Management sims are an acquired taste. I rarely have the patience for the minutiae, and so games like Rollercoaster Tycoon and Planet Coaster have largely passed me by. The result of this is that I was pretty blind going into Park Beyond from Tropico devs Limbic Entertainment. I played a chunk of Theme Park back in the day and Jurassic Park Evolution, but they didn’t prepare me for how ambitious Park Beyond would be.
The big selling point here is “Impossification”, a made up word that means more or less what it sounds like it means. As a theme park designer, your job is to be as maverick as legally possible, creating insane play areas for your park visitors with death-defying rides and insane rollercoasters that weave their way around your entire site.
You’re encouraged along by a cast of colourful characters in the campaign mode. There’s enthusiastic thrill-seeker Blaize, eccentric millionaire Phil, engineer Sophia, and money-fixated Izzy. They’ll guide you through the various processes and give you challenges along the way that earn you money or Amazement, the currency by which you Impossify rides, shops, coasters – even your individual staff members.
Everything is under your control in Park Beyond, from the placement of rides to the price of individual items in each of the shops and restaurants. You’ll need to place benches so people can rest, litter bins, toilets. You can also scatter decorations wherever you like for a low fee that add nothing but aesthetic flair.
A heat map lets you keep track of everything. Your priority is guest happiness, so you will need to ensure that rides are priced low enough that people use them but high enough that they still make a profit. Each group that comes into the park falls under one of three categories: Families, Teens, and Adults. You decide in a pre-mission briefing who your target demographic will be and then work to satisfy them first.
Teens like crazy rides and risk-taking, families like to be safe and secure, while adults prefer scenery and a quiet coffee over energy drinks and dead-drop rollercoasters. There are also themes to unpack such as Wild West and Sci-fi to help personalise your park. What begins with a fairly complex tutorial to build a rollercoaster through an urban city centre soon opens up into a massive sandbox that keeps on giving.
What I played was a preview build, and so I had to contend with an occasionally unruly camera, as well as a problem with the game crashing to desktop that became more frequent the further in I got until it became impossible to even play without a reinstall. Thankfully I got through a fair few missions and was able to play a large chunk of the Sandbox Mode, which allowed me to see the majority of what Park Beyond will offer.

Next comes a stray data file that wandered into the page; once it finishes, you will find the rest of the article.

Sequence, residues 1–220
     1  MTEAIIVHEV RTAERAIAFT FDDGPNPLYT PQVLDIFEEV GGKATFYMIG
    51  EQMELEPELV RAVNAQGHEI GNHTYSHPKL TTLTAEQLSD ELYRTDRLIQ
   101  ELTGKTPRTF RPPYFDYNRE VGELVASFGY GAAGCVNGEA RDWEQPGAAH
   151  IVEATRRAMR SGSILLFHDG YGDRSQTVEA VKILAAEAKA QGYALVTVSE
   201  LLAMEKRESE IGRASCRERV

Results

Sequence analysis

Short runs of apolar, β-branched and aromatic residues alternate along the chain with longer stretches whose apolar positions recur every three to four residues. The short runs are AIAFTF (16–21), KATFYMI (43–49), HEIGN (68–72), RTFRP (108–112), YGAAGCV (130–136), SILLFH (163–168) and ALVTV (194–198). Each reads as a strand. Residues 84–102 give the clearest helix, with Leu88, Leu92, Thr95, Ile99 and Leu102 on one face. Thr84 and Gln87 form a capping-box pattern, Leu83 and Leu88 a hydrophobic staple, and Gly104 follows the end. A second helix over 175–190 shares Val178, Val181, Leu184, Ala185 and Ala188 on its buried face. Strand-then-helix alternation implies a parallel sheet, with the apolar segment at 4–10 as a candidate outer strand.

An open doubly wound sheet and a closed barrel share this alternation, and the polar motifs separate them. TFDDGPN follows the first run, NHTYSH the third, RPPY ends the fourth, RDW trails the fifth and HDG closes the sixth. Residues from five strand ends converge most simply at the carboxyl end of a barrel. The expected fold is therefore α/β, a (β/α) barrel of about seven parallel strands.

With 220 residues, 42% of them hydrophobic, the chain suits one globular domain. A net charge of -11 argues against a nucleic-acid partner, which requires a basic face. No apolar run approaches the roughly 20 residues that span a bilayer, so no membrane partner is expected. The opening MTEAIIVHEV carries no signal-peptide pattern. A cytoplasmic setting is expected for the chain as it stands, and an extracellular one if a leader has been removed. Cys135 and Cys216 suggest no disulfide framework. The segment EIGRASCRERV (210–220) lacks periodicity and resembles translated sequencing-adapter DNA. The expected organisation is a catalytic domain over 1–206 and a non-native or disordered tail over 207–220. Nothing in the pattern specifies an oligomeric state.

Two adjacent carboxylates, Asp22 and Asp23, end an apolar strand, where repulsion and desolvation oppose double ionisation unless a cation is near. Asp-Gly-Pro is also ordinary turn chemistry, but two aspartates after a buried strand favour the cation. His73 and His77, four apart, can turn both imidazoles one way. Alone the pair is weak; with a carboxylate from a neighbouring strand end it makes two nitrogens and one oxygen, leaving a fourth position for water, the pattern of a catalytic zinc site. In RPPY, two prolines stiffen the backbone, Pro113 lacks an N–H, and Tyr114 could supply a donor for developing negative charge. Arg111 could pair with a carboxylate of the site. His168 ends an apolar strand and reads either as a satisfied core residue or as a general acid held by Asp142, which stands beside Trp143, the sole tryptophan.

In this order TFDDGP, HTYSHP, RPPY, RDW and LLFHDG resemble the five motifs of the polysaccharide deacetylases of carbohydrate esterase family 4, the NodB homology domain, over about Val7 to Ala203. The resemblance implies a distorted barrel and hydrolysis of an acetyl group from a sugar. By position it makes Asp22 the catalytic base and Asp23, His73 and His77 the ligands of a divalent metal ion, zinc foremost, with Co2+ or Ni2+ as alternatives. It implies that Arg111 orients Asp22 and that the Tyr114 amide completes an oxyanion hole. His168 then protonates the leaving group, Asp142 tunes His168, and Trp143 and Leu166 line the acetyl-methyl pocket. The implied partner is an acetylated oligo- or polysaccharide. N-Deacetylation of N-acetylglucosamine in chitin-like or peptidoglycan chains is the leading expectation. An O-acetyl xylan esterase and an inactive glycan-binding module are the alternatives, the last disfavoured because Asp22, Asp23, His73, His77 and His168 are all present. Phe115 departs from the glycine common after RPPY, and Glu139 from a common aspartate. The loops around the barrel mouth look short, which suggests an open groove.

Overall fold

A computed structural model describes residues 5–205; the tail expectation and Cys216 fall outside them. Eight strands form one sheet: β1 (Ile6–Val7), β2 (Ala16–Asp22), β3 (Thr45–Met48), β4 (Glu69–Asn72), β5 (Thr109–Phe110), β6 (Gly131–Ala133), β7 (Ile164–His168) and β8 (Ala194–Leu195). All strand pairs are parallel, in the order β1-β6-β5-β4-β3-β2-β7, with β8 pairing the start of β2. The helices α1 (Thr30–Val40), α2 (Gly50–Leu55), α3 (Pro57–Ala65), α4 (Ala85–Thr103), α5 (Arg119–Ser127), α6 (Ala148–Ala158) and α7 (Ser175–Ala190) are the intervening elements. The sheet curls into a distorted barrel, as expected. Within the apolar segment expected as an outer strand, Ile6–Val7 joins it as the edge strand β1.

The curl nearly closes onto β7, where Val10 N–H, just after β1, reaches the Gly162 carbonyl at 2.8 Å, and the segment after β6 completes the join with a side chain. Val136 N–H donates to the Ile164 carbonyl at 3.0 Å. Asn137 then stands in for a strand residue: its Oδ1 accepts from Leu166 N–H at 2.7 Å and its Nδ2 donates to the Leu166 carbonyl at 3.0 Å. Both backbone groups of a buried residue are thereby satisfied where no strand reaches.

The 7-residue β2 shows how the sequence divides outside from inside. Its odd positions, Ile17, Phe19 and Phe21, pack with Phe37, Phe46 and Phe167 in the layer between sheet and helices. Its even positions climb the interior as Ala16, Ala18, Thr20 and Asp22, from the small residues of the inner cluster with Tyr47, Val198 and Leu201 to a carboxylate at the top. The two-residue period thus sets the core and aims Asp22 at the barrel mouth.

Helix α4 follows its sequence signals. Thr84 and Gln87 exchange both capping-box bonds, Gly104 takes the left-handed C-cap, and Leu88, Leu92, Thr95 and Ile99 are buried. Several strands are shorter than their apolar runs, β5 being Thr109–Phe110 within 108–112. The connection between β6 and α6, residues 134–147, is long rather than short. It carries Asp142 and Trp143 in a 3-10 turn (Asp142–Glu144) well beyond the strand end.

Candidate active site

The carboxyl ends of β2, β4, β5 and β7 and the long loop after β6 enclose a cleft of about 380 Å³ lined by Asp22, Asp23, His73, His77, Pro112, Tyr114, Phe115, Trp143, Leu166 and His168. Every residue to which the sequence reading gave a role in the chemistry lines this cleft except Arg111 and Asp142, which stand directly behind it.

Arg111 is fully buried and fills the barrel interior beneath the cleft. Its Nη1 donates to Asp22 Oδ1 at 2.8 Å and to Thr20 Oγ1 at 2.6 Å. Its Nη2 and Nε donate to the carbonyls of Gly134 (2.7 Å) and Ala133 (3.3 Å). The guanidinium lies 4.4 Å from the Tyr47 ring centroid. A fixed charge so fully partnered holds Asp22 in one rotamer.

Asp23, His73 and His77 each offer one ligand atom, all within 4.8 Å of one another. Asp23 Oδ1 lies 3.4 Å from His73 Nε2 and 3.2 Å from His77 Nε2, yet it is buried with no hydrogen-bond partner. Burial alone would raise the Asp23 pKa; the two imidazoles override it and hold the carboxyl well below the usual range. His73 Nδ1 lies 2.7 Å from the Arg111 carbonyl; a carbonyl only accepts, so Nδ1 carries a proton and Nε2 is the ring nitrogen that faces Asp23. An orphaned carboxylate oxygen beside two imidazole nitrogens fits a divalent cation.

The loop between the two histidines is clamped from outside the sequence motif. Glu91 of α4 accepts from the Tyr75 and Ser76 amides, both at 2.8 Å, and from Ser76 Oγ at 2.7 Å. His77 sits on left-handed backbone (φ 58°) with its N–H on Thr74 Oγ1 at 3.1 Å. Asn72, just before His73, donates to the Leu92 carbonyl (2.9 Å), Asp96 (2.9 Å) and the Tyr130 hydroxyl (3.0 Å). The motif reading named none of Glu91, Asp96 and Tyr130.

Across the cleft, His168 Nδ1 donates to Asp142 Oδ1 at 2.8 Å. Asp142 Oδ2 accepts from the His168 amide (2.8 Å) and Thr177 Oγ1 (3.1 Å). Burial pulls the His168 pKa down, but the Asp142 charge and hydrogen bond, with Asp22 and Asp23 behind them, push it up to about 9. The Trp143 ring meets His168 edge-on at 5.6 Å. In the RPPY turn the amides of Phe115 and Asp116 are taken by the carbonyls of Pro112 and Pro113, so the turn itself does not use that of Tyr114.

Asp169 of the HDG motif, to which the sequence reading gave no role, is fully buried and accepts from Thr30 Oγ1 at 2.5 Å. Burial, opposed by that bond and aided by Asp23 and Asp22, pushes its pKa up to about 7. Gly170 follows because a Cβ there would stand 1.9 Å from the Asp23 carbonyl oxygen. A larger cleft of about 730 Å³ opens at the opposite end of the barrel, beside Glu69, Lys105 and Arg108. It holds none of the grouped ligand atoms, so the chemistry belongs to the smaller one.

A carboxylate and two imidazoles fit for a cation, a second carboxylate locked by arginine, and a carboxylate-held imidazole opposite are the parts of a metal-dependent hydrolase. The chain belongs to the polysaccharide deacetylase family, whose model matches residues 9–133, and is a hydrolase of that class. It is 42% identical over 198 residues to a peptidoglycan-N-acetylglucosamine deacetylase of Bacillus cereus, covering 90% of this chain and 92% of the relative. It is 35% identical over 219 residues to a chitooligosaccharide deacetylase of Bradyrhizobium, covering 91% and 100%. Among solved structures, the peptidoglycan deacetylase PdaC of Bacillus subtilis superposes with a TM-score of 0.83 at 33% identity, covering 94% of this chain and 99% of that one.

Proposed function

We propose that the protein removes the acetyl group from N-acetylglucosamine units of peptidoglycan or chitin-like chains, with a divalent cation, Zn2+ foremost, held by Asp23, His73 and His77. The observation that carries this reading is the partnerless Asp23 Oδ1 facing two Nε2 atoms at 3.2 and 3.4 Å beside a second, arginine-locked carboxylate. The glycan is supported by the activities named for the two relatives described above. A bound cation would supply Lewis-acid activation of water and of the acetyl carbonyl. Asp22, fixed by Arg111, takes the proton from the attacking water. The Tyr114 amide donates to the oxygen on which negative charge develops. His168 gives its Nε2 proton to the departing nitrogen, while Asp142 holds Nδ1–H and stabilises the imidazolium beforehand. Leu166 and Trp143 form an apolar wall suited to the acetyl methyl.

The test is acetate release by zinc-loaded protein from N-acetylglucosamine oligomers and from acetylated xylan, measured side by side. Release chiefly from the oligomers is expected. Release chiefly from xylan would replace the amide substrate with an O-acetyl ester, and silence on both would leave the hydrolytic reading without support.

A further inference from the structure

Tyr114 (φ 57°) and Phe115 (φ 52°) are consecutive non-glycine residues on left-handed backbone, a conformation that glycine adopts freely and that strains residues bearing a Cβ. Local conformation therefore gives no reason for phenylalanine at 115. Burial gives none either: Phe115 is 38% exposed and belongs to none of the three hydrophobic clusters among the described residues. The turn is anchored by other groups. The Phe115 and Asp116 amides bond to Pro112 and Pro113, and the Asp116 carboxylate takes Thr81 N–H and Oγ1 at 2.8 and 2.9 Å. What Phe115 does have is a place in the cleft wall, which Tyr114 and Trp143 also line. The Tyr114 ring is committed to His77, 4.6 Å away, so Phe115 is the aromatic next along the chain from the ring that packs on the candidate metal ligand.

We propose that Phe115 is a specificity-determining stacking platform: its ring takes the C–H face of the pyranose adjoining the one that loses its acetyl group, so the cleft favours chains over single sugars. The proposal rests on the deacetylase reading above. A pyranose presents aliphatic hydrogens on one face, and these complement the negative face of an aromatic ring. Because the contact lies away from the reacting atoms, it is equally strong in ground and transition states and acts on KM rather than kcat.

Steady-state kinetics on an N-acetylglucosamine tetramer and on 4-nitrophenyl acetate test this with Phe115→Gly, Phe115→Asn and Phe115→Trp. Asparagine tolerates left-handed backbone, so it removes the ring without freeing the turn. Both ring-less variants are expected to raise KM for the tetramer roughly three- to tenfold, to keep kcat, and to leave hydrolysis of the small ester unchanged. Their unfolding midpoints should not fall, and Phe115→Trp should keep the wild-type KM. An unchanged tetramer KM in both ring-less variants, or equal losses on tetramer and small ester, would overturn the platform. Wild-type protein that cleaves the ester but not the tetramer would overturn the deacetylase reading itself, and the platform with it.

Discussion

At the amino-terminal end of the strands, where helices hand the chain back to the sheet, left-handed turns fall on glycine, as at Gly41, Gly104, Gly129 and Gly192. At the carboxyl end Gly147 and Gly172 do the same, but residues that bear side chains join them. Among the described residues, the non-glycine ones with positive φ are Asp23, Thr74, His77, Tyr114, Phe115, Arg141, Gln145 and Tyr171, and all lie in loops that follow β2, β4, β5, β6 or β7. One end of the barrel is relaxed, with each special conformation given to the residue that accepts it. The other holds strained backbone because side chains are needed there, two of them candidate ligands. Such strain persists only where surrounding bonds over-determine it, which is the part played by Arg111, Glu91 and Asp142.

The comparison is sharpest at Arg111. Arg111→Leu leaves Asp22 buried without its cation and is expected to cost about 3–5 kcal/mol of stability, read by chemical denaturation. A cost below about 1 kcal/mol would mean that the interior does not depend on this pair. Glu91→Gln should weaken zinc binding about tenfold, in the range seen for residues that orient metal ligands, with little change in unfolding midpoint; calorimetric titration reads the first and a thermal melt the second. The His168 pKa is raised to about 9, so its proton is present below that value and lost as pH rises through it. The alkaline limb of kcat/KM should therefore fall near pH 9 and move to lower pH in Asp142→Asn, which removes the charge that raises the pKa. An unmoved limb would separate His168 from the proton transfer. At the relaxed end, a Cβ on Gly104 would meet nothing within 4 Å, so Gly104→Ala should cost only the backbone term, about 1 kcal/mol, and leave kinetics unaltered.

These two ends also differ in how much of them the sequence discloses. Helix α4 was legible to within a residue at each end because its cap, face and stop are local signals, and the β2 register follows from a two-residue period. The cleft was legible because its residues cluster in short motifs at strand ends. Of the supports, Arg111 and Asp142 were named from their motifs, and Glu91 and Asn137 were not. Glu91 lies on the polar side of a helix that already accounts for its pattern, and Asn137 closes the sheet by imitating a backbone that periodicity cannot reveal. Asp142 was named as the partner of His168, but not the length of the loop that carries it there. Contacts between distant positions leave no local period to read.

Impossification, while a gimmick, is excellent. For shops it adds “attractors”, huge rigs that jump and dance and launch fireworks into the air; but for rides it alters the look and effect, upping the fun factor by becoming more dangerous, like a spinning top ride that literally launches the visitors into a freefall before catching them again. Coasters become faster and more terrifying, made even better by the fact that you can build them around other rides and use terrain features like canyons and tunnels to increase their fun.
Overall you’re trying to grow your Park Appeal, which is how you level up and unlock research nodes to give you new shops and rides. It requires constant monitoring, hiring staff, paying the right salaries, and keeping your guests happy enough to spend a fortune every day. You can switch to a first person camera to try your own rides, including the rollercoasters of course, or even possess the bodies of individual visitors to “ride along” inside their heads as they eat, drink, play and occasionally run to the toilet after a particularly dizzying time.
Although it can be incredibly finnicky with path and item placement – and has a tendency to place items a few feet above ground level – Park Beyond is shaping up to be a lot of fun. There’s already so much detail in it (you can even change the colours of rides, buildings, and staff uniforms) that you’d expect it to be overwhelming, but it isn’t. Limbic know exactly how to craft this kind of experience and make it constantly busy without being stressful and that’s what Park Beyond is.
A charming sense of humour rounds off the experience wonderfully, never taking itself seriously while still offering a level of challenge that means you can’t just switch off your brain. You do have to think about what you’re doing and why, and you will need to ensure that pathways are clear and guests have the right facilities in all areas of the park. But every layer of management from building the rides to tweaking the price of a cinnamon cocoa puts the power and agency directly into your hands.
Park Beyond is a great time, offering a decent level of challenge alongside a relatively stress-free management experience. There’s still a little way to go before the launch in June this year, but I’m confident it will go from strength to strength after release.
Park Beyond will be available to on Steam and consoles on June 15, 2023.